My age and shorter legs brought its own kind of trouble, which I’ve written about, maybe as therapy, ever since. Trouble such as NOT outrunning my grandma’s evil gander, or being stuck in a tree by my cousins while they ran and explored. I would bawl my eyes out and hang onto that tree for dear life. They always came back for me, thank goodness, but I think that’s the reason I have a fear of heights to this day…you reckon?
We never heard of wearing protective gear in those days. I wonder why our noggins didn’t crack wide open when we took turns climbing into a giant tractor tire to be pushed by multitudes of small hands down a steep hill at dizzying speed. The ride was over when you crashed into a tree, rock, or other object. None of us ever got a concussion, so maybe skulls were thicker in those days.
Life changed forever when Mom told us she was taking a job as housekeeper and cook on an ARIZONA ranch. Arizona? Was that anywhere near Mars? To say it was a shock to move away from all that cow-plop jumping, chicken chasing, church attending, green persimmon eating, tire crashing and rope swinging over a sulpher-smelling creek along with acres of cousins is an understatement. We three kids couldn’t get our minds around it, but that made not a whit of difference. Mom had her mind made up, and that was that.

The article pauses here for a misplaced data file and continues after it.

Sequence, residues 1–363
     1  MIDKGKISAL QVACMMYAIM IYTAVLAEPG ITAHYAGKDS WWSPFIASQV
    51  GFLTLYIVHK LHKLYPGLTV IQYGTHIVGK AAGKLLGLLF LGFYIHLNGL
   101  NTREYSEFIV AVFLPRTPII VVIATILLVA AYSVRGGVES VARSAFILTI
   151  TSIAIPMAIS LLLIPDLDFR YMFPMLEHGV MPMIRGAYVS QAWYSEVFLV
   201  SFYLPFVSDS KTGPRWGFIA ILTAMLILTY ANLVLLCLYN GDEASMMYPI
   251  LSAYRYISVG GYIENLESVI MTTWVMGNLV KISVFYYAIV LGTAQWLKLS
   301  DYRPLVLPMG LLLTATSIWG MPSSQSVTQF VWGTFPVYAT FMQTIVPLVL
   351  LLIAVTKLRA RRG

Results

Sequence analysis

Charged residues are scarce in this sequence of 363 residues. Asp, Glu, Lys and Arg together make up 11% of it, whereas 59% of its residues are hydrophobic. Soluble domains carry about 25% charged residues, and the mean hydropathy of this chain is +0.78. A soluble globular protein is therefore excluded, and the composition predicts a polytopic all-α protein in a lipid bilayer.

Throwing up in the back of the car is my most vivid memory of that long trip. We didn’t have a car, so Mom’s youngest sister and her husband drove us all the way to Arizona. They were tickled pink about my stinking up the back of their car in the heat with my car sickness. No air conditioning…you get the picture.
The rancher—and Mom’s new employer—John Leverton, met us in Holbrook, Arizona. We went crazy over the teepees at the Wigwam Motel and begged to stay the night in one. No deal, but at dinner, Gene asked the waitress if we were eating Indian (Native American) chicken. Everyone got a laugh out of that, but Gene and I didn’t understand why. Then it was time to head for the Mesa Redondo Ranch. Yes, I know. The “Redondo” should be “Redonda,” but it was named back in the 1920s, so why argue? Besides, it’s more fun to say Ree-dawn-DOE. It sort of echoes off the rocks, or jumps into the wind as it whips through a canyon. The small mountain behind the ranch house was named the Mesa Redondo Mountain.